This test measures the rate and regularity of your heartbeat.
- Echocardiogram. This
test uses sound waves to create a moving picture of your heart. Echocardiogram
provides information about the size and shape of your heart and how
well your heart chambers and valves are functioning. The test also can
identify areas of poor blood flow to the heart, areas of heart muscle
that are not contracting normally, and previous injury to the heart
muscle caused by poor blood flow.
There are several different types of echocardiograms, including a stress
echocardiogram. During this test, an echocardiogram is done both before
and after your heart is stressed either by having you exercise or by
injecting a medicine into your bloodstream that makes your heart beat
faster and work harder. A stress echocardiogram is usually done to find
out if you have decreased blood flow to your heart (coronary artery
- Stress test. Some heart
problems are easier to diagnose when your heart is working harder and
beating faster than when it's at rest. During stress testing, you exercise
(or are given medicine if you are unable to exercise) to make your heart
work harder and beat faster while heart tests are performed.
During exercise stress testing, your blood pressure and EKG readings
are monitored while you walk or run on a treadmill or pedal a bicycle.
Other heart tests, such as nuclear heart scanning or echocardiography,
also can be done at the same time. These would be ordered if your doctor
needs more information than the exercise stress test can provide about
how well your heart is working.
If you are unable to exercise, a medicine can be injected through an
intravenous line (IV) into your bloodstream to make your heart work
harder and beat faster, as if you are exercising on a treadmill or bicycle.
Nuclear heart scanning or echocardiography is then usually done.
During nuclear heart scanning, radioactive tracer is injected into your
bloodstream, and a special camera shows the flow of blood through your
heart and arteries. Echocardiography uses sound waves to show blood
flow through the chambers and valves of your heart and to show the strength
of your heart muscle.
Your doctor also may order two newer tests along with stress testing
if more information is needed about how well your heart works. These
new tests are magnetic
resonance imaging (MRI) and positron
emission tomography (PET) scanning of the heart. MRI shows detailed
images of the structures and beating of your heart, which may help your
doctor better assess if parts of your heart are weak or damaged. PET
scanning shows the level of chemical activity in different areas of
your heart. This can help your doctor determine if enough blood is flowing
to the areas of your heart. A PET scan can show decreased blood flow
caused by disease or damaged muscles that may not be detected by other
- Chest X-ray. A chest X-ray
takes a picture of the organs and structures inside the chest. These
include the heart, lungs, and blood vessels.
- Cardiac catheterization.
A thin, flexible tube is passed through an artery in the groin or arm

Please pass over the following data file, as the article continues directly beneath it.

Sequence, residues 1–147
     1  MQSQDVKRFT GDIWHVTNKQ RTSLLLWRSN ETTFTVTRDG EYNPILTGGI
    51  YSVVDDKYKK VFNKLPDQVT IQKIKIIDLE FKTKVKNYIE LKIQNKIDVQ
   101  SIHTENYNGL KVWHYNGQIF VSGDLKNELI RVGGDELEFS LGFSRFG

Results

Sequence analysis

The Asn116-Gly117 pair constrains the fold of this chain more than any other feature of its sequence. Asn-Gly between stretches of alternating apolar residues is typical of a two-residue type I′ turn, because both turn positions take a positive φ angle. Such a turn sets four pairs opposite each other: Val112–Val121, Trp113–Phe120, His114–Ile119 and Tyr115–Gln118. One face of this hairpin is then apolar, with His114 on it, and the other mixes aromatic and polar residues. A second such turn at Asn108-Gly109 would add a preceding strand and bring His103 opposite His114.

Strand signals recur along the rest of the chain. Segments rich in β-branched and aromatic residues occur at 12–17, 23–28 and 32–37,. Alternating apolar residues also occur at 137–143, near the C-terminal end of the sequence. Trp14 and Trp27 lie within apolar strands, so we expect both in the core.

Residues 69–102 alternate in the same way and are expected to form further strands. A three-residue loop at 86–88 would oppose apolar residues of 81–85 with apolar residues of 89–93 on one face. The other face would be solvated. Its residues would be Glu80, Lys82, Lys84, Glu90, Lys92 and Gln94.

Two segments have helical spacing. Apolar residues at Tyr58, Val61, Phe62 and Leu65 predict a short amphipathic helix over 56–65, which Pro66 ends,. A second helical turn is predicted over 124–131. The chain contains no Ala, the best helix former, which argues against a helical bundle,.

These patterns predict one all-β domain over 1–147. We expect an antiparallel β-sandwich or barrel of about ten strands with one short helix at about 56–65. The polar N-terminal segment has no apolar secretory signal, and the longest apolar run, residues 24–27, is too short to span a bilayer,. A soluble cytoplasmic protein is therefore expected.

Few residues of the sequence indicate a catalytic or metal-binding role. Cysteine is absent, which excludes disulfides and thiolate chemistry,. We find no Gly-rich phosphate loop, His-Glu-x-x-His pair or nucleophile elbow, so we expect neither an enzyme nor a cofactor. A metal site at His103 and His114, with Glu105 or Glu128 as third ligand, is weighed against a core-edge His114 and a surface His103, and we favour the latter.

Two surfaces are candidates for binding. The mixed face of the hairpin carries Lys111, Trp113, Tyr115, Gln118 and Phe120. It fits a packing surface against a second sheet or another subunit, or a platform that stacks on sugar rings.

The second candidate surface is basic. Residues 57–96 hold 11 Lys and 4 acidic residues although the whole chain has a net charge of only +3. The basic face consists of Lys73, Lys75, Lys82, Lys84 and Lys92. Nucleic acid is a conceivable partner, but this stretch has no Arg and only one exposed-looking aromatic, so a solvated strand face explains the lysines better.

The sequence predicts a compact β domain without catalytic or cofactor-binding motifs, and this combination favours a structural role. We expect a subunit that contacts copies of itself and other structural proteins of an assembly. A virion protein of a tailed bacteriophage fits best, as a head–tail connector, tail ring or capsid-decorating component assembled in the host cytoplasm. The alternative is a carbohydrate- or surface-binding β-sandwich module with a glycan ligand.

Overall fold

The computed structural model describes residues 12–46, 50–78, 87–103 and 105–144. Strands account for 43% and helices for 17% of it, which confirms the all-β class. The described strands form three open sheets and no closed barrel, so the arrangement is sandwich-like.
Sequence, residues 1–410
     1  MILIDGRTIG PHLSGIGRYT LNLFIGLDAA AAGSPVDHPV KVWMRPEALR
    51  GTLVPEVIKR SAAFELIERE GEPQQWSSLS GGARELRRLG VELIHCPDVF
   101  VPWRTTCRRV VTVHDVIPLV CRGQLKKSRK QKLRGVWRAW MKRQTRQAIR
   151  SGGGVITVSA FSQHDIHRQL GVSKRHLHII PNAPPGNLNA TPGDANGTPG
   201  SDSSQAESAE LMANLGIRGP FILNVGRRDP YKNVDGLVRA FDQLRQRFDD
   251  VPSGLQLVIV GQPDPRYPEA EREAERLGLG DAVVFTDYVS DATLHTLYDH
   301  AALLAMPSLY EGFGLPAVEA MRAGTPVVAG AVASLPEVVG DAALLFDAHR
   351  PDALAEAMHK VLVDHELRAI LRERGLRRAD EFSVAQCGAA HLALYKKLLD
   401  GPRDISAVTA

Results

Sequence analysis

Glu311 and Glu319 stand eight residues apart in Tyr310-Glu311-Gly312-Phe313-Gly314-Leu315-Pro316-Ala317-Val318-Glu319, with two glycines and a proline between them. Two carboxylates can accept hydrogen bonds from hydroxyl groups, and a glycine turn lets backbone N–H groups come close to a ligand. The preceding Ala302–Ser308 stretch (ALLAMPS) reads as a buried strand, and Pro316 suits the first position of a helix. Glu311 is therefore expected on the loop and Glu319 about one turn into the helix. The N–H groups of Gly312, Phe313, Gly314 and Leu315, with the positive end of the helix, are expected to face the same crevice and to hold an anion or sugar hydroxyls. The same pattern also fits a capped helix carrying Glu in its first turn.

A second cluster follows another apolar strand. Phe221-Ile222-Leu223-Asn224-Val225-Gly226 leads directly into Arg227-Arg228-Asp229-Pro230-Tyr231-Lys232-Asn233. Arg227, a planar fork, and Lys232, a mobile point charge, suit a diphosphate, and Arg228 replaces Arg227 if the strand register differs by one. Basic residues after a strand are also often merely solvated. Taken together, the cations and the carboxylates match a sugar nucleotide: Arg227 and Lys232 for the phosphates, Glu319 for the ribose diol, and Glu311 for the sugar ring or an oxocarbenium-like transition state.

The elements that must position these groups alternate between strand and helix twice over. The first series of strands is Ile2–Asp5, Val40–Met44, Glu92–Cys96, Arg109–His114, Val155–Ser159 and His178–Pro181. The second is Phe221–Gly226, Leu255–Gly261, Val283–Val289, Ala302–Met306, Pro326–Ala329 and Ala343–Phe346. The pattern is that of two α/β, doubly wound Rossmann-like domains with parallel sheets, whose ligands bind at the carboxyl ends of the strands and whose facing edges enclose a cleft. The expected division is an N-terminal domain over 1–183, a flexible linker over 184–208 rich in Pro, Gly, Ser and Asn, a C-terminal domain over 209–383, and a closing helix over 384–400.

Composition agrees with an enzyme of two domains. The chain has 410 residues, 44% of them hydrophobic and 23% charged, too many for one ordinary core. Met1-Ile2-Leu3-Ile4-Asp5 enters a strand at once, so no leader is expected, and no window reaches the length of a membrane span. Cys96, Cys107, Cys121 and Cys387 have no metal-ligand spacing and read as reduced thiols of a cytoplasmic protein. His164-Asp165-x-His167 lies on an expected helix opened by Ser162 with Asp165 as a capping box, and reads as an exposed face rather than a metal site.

to reach the coronary arteries. The tube allows your doctor to examine
the inside of your arteries to see if there is any blockage. Your doctor
also can determine the pressure and blood flow in the heart's chambers,
collect blood samples from the heart, and examine the arteries of the
heart by X-ray.
- Coronary angiography.
This test is usually performed along with cardiac catheterization. A
dye that can be seen by X-ray is injected through the catheter into
the coronary arteries. The doctor can see the flow of blood through
the heart and the location of blockages.
- Nuclear heart scan.
This test provides your doctor with moving pictures of the blood passing
through your heart's chambers and arteries and shows the level of blood
flood to the heart muscle. A small amount of a radioactive tracer is
injected into your bloodstream through a vein, usually in your arm.
A special camera is placed in front of your chest to show where the
tracer lights up in healthy heart muscle and where it doesn't light
up (in heart muscle that has been damaged or has a blocked artery).
There are different types of nuclear heart scans. Most scans have two
phases—taking pictures of the heart at rest and while it is beating
faster (called a stress test), although sometimes only a rest scan is
done. Many heart problems show up more clearly when your heart is stressed
than when it is at rest. By comparing the nuclear heart scan of your
heart at rest to your heart at "stress," your doctor can determine if
your heart is functioning normally or not.
- Electron beam computed tomography. This test identifies and
measures calcium buildup in and around the coronary arteries.
- A fasting glucose test to check your blood
- A fasting lipoprotein profile to check your cholesterol levels
How can coronary artery disease be prevented
Preventing or delaying coronary artery disease (CAD) begins with knowing
which risk factors you have and taking action. Remember, your chances of
developing CAD increase with the number of risk factors you have.
Know your family history of health problems related to CAD. If you or someone
in your family has CAD, be sure to tell your doctor. Make sure everyone
in your family gets enough exercise and maintains a healthy body weight.
By controlling your risk factors with lifestyle changes and medicines, you
may prevent or delay the development of CAD.
CAD can cause serious complications, but by following your doctor's advice
and changing your habits, you can prevent or reduce the chance of: